Determination of the Useful Life of Intangible Assets

In April 2008, the FASB issued FSP No. FAS 142-3, “Determination of the Useful Life of Intangible Assets” (“FSP FAS 142-3”). This statement applies to recognized intangible assets that are accounted for pursuant to FASB Statement No. 142 “Goodwill and Other Intangible Assets” (“SFAS 142”). FSP FAS 142-3 requires an entity to consider its own historical renewal or extension experience in developing renewal or extension assumptions used in determining the useful life of a recognized intangible asset. In the absence of entity specific experience, FSP FAS 142-3 requires an entity to consider assumptions that a marketplace participant would use about renewal or extension that are consistent with the highest and best use of the asset by a marketplace participant. The intent of this standard is to improve the consistency between the useful life of a recognized intangible asset under SFAS 142 and the period of expected cash flows used to measure the fair value of the asset. In addition, FSP FAS 142-3 increases the disclosure requirements related to renewal or extension assumptions. FSP FAS 142-3 applies prospectively to all intangible assets acquired after the effective date of January 1, 2009. The adoption of FSP FAS 142-3 had no effect on our consolidated financial position, results of operations and cash flows.

Fair Value Measurements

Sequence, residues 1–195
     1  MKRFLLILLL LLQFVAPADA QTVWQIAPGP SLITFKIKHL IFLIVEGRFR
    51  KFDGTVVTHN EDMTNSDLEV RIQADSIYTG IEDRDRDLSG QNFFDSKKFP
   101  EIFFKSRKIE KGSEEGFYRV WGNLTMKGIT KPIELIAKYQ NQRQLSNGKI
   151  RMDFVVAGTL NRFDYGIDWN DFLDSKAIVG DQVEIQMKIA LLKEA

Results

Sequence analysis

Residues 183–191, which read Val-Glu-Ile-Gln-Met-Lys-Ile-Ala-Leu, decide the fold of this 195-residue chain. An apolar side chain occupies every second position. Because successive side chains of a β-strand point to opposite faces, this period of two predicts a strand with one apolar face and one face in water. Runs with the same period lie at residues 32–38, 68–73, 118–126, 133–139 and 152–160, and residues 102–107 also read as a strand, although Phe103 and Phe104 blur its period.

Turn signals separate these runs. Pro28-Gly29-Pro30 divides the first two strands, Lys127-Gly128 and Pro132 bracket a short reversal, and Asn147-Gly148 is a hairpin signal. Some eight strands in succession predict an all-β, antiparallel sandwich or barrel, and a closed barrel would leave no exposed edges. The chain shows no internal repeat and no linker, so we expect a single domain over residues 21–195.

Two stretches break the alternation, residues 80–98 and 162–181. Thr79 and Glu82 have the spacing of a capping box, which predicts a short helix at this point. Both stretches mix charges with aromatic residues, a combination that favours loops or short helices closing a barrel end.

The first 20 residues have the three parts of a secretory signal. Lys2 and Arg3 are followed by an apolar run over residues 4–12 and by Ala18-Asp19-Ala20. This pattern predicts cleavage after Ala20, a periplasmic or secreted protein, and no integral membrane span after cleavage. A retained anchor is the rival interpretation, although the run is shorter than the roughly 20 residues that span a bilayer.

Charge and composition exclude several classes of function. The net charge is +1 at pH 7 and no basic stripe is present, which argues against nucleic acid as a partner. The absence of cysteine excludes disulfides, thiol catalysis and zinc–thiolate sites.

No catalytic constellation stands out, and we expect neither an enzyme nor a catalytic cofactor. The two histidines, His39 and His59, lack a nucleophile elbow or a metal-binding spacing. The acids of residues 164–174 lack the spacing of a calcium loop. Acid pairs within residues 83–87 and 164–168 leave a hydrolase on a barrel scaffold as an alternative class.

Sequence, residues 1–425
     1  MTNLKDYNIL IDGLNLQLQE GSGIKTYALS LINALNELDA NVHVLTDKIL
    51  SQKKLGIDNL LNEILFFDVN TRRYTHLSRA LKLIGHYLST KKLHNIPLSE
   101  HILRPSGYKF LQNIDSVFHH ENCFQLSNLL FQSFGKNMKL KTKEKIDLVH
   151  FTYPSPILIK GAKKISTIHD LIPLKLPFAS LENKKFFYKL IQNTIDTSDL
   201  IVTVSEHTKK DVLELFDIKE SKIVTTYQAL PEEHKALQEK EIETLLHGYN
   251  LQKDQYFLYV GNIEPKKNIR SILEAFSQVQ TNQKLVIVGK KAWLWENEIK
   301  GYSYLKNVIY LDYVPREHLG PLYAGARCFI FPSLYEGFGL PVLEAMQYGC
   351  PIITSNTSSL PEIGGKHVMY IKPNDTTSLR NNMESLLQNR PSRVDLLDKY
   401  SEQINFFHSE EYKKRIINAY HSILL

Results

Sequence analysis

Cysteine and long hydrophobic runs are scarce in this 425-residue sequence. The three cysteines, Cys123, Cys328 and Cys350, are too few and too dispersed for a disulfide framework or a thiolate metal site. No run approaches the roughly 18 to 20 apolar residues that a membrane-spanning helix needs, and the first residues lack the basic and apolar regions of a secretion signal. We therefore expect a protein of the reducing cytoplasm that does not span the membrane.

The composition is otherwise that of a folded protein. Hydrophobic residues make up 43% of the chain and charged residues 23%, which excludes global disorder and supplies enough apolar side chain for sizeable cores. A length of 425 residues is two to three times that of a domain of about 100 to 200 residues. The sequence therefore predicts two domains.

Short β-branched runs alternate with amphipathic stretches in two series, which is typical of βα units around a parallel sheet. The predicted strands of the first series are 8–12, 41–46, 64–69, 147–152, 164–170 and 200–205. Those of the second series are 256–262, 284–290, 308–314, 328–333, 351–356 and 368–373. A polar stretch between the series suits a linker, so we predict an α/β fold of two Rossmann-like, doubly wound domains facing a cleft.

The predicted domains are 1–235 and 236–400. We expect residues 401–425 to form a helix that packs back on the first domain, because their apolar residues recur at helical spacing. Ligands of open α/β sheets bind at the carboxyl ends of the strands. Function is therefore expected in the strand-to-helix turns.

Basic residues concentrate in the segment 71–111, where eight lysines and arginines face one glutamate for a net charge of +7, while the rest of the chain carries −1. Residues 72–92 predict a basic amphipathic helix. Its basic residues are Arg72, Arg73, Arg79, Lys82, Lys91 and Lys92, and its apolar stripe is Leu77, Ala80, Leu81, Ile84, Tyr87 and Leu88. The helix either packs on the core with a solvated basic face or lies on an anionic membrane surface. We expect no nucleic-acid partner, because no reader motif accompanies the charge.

In February 2008, the FASB issued FSP FAS 157-2 (“Effective Date of FASB Statement No. 157”) (“FSP FAS 157-2”). FSP FAS 157-2 delayed the effective date of SFAS 157 “Fair Value Measurements” (“SFAS 157”) for non-financial assets and non-financial liabilities, except for items that are recognized or disclosed at fair value in the financial statements on a recurring basis (at least annually), until fiscal years beginning after November 15, 2008. On January 1, 2009, we adopted the provisions of SFAS 157 as it relates to nonrecurring fair value measurement requirements for non-financial assets and liabilities. As of January 1, 2009 and June 30, 2009, we did not have any significant non-recurring fair value adjustments for our non-financial assets and non-financial liabilities.

New Accounting Standards Not Yet Adopted

The FASB Accounting Standards Codification and the Hierarchy of U.S. GAAP

In June 2009, the FASB issued SFAS 168, The FASB Accounting Standards Codification and the Hierarchy of Generally Accepted Accounting Principles, a replacement of SFAS 162 (“SFAS 168”). SFAS 168 establishes the FASB Accounting Standards Codification (“Codification”), which officially launched July 1, 2009, to become the source of authoritative U.S. GAAP recognized by the FASB to be applied by nongovernmental entities. Rules and interpretive releases of the Securities and Exchange Commission (SEC) under authority of federal securities laws are also sources of authoritative U.S. GAAP for SEC registrants. On the effective date of this Statement, the Codification will supersede all then-existing non-SEC accounting and reporting standards. All other nongrandfathered non-SEC accounting literature not included in the Codification will become nonauthoritative. This Statement is effective for financial statements issued for interim and annual periods ending after September 15, 2009 and will be effective for us in the third quarter of 2009. Adoption of this standard will change future authoritative accounting literature references included in our financial statements to be in accordance with the Codification.